Shuan SadreGhazi serves as a PhD researcher at United Nations University (UNU-MERIT) and is located in Maastricht, the Netherlands. He is also a tutor in International Business Strategy and Entrepreneurship at Maastricht University. In addition he has work experience with the private sector in Northern Europe and the Middle East. His academic interests lay primarily in innovation management and business strategy with a special focus on their application for development in the South. Shuan’s current research aims at studying pro-poor innovations. He holds a M.Sc. in Management and Economics of Innovation from Chalmers University of Technology (Sweden) and received his B.Sc. in Industrial Engineering from Isfahan University of Technology (Iran).
Saraman is an Iranian company co-founded by an Iranian and a German professor that designs, fabricates and erects affordable, earthquake-proof pre-fabricated steel structures for houses, schools and hospitals.
To download the Saraman case study from the GIM database, please click here.
What is Saraman’s basic value proposition and what makes it financially sustainable?
A number of issues surround the conventional construction industry in Iran and many other countries in the South: low safety, long completion time and high cost. Related to these are the challenges of a growing population who needs appropriate housing and employment. Saraman addresses both of these issues in its value proposition.
Saraman designs, builds and erects affordable, earthquake-proof pre-fabricated steel structures for houses, schools and hospitals. Through collaboration among German and Iranian universities and their corporate partners, Saraman adapts advanced technology to reduce cost and time of earthquake-proof construction, using locally available material in an environmentally friendly way. In addition, special training is provided to facilitate exchange of know-how and develop employment opportunities for young graduates who later implement the practice in Iran. New construction projects also create jobs for less-skilled workers.
Saraman sought financial sustainability through a number of ways. In the technical aspects, they optimized the process of construction and used state-of-the art technology to lower the costs associated with inefficient conventional methods, which enabled them to build affordable construction, but still going to scale was needed in order to make it a viable business.
In the formation phase of the company, Saraman paid special attention to invest in know-how to reduce the cost of technology adaptation and implementation in the long run. To fund training costs it sought support from the German Academic Exchange Service (DAAD).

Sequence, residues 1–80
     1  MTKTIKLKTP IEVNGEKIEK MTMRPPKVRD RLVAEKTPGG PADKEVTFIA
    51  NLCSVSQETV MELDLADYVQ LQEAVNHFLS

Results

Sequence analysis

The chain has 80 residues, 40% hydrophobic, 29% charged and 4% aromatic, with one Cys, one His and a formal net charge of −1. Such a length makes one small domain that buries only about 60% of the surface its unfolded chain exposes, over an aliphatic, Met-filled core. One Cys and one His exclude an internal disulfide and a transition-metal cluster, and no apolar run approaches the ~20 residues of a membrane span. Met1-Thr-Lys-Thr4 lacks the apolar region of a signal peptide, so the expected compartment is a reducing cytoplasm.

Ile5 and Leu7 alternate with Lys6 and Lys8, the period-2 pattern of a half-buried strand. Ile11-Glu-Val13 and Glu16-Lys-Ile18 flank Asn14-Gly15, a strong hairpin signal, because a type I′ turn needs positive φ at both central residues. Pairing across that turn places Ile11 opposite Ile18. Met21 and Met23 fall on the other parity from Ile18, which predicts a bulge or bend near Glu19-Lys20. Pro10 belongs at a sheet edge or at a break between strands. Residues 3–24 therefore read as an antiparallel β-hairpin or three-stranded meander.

Saraman started the commercialization phase by entering in construction projects that were likely to be continued and would allow it to build a foot-hold in the market. It would be rather difficult for a young company like Saraman to enter right away the turbulent market of housing. Winning the bids of school construction projects allowed them to enter a niche market to show their capability, prove the advantages of their method and get funding and more construction offers that would fuel its growth.
What were some of the challenges hindering Saraman’s development and growth and how did the company overcome them?
One challenge was low awareness and knowledge about construction safety among the actors on both the supply and the demand side. On the supply side, although regulations about safe construction exist, using conventional methods and designs makes earth-quake proof construction rather costly. The cost issue coupled with the lack of knowledge leads some constructors to turn to less-safe and/or fraudulent ways of construction. On the demand side, due to low awareness about importance of earthquake safety and already high-costs of construction, earthquake-safety issues are often ignored in favor of having a cheaper building. In addition, since in conventional constructions the structures that ensure earth-quake safety are hidden, it is difficult for ordinary users to check the robustness of the construction.
Saraman tackled this challenge through a number of ways. First, the founders invested a lot of their time and academic credit to provide presentations and site-visits to convince contractors and sub-contractors about the benefits of their method. Second, by making the construction-safe components visible and verifiable by the users, they made constructions not only earth-quake proof and low-cost but also less prone to fraud. Of course to ensure future demand for verifiable safe construction they had to raise awareness. That is Saraman’s third plan, i.e. to start with building schools with visible structures and putting awareness slogans on it.